Tuesday, June 25, 2013

Official Complicity with Human Trafficking

Although actions must be taken at all levels, it is crucial to any anti-human trafficking movement to have strong governmental support and action. However, according to the U.S. State Department's report on trafficking around the world, there are many governments whose officials who comply with, or even aid, traffickers. For example, NGOs in Malaysia have reported that the police often will not investigate complaints that employers are confiscating passports, travel documents, or withholding wages as possible trafficking offenses. Furthermore, in 2010 the government did not report any prosecutions of employers who subjected workers to conditions of forced labor, nor were any government officials convicted of trafficking related complicity, despite numerous reports of collusion between police and trafficking offenders. Police collaboration is a common thread throughout many countries; local law enforcement officials are willing to take bribes to look the other way when presented with cases of human trafficking, or, at the most extreme, are the ones perpetrating human trafficking themselves.

One such example is India. The report stated "Official complicity in trafficking was a serious problem that remained largely addressed by the government. Corrupt politicians, police, and border security forces on both sides of the India-Bangladesh border reportedly recognized a token used by human traffickers to evade arrest if caught at the border." Some corrupt law enforcement officers facilitated the movement of sex trafficking victims, protected suspected traffickers and brothel keepers from enforcement of the law, took bribes from sex trafficking establishments and sexual services from victims, and tipped off sex and labor traffickers to impede rescue efforts. Many owners of brothels, rice mills, brick kilns, and stone quarries who engaged in human trafficking were politically connected and therefore immune from prosecution.Further, of the Anti-Human Trafficking Units established by the government, many were criticized as being ineffective or only existing on paper and not in practice. Furthermore, there was significant complicity of some governmental officials in human trafficking. Many sources noted that the Indian central government approached anti-trafficking measures in an uncoordinated and piecemeal manner, therefore allowing for greater instances of corruption.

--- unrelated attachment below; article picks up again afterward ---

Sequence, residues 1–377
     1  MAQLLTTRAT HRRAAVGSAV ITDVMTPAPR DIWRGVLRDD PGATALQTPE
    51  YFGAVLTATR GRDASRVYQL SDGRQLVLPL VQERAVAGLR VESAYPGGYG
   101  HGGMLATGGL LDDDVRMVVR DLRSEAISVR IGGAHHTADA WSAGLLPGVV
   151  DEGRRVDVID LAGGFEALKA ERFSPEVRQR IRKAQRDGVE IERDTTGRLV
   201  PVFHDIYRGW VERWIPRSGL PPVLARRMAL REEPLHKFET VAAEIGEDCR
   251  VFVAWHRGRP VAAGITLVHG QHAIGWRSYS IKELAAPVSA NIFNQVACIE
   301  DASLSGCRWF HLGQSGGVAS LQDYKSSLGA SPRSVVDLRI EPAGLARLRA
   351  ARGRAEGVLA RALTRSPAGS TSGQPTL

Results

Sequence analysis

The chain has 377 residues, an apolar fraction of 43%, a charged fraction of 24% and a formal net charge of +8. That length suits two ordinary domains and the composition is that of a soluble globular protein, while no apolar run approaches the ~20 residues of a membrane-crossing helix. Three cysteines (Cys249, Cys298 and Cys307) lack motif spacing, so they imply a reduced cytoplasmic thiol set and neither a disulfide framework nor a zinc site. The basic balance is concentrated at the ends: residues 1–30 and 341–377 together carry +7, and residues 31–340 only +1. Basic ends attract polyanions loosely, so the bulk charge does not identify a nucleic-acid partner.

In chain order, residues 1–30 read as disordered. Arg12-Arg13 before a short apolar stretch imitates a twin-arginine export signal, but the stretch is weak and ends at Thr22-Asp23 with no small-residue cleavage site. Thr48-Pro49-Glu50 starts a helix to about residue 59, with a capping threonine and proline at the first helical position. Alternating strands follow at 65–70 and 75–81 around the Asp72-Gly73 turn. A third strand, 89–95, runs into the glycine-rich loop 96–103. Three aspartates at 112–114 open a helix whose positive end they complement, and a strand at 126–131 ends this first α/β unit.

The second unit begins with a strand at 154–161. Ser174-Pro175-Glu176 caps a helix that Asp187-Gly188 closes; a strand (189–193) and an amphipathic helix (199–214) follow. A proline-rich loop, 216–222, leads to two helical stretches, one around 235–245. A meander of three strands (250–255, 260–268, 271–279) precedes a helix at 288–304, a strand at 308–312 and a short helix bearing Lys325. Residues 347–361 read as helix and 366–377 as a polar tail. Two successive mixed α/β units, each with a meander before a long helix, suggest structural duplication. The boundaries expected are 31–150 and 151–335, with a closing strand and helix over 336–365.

One highly publicized case of sexual and physical abuse, including both sex and labor trafficking, of women and children in Apna Ghar shelter for mistreated victims in the state of Haryana, demonstrates the pervasiveness of official compliance with human trafficking. Not only was the shelter run by the state, but police officers reportedly raped some of the inhabitants and destroyed evidence once an investigation into the home commenced.

Burma is one of the highest offenders in regards to official complicity in human trafficking. The Military is the main perpetrators. Internally, there are several different ways in which the military implements human trafficking. The military engages in the unlawful conscription of child soldiers. Boys as young as 10 years are forcibly recruited to serve in the Burmese army and ethnic armed groups through intimidation, coercion, threats, and violence. Children of the urban poor are at particular risk of involuntary conscription; UN reports indicates that the army has targeted orphans and children on the streets and in railway stations, as well as young novice monks from monasteries for recruitment. It also continues to be the main perpetrator of forced or compulsory labor inside Burma. Military and civilian officials target minors of ethnic minority groups, and use men, women, and children for forced labor for the development of infrastructure and state-run agricultural and commercial ventures, as well as forced portering for the military.